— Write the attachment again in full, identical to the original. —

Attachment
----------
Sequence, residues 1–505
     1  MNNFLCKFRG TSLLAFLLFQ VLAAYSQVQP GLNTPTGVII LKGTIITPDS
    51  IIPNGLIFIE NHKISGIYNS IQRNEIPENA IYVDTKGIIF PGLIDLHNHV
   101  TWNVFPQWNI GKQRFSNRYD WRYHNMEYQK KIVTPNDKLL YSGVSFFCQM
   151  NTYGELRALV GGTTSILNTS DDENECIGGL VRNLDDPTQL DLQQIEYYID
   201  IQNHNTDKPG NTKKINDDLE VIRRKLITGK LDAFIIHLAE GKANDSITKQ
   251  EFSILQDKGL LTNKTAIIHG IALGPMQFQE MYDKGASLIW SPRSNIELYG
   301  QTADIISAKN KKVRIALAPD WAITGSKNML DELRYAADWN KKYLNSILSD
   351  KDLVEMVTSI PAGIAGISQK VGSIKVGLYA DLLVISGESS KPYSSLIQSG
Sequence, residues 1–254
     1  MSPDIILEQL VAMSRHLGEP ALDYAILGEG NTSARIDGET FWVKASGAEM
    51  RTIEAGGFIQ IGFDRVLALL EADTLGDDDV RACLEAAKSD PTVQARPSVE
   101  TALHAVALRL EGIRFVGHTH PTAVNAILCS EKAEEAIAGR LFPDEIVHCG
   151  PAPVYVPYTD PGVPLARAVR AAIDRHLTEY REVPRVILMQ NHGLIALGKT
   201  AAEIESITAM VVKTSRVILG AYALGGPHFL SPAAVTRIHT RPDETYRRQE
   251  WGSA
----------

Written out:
Sequence, residues 1–505
     1  MNNFLCKFRG TSLLAFLLFQ VLAAYSQVQP GLNTPTGVII LKGTIITPDS
    51  IIPNGLIFIE NHKISGIYNS IQRNEIPENA IYVDTKGIIF PGLIDLHNHV
   101  TWNVFPQWNI GKQRFSNRYD WRYHNMEYQK KIVTPNDKLL YSGVSFFCQM
   151  NTYGELRALV GGTTSILNTS DDENECIGGL VRNLDDPTQL DLQQIEYYID
   201  IQNHNTDKPG NTKKINDDLE VIRRKLITGK LDAFIIHLAE GKANDSITKQ
   251  EFSILQDKGL LTNKTAIIHG IALGPMQFQE MYDKGASLIW SPRSNIELYG
   301  QTADIISAKN KKVRIALAPD WAITGSKNML DELRYAADWN KKYLNSILSD
   351  KDLVEMVTSI PAGIAGISQK VGSIKVGLYA DLLVISGESS KPYSSLIQSG
Sequence, residues 1–254
     1  MSPDIILEQL VAMSRHLGEP ALDYAILGEG NTSARIDGET FWVKASGAEM
    51  RTIEAGGFIQ IGFDRVLALL EADTLGDDDV RACLEAAKSD PTVQARPSVE
   101  TALHAVALRL EGIRFVGHTH PTAVNAILCS EKAEEAIAGR LFPDEIVHCG
   151  PAPVYVPYTD PGVPLARAVR AAIDRHLTEY REVPRVILMQ NHGLIALGKT
   201  AAEIESITAM VVKTSRVILG AYALGGPHFL SPAAVTRIHT RPDETYRRQE
   251  WGSA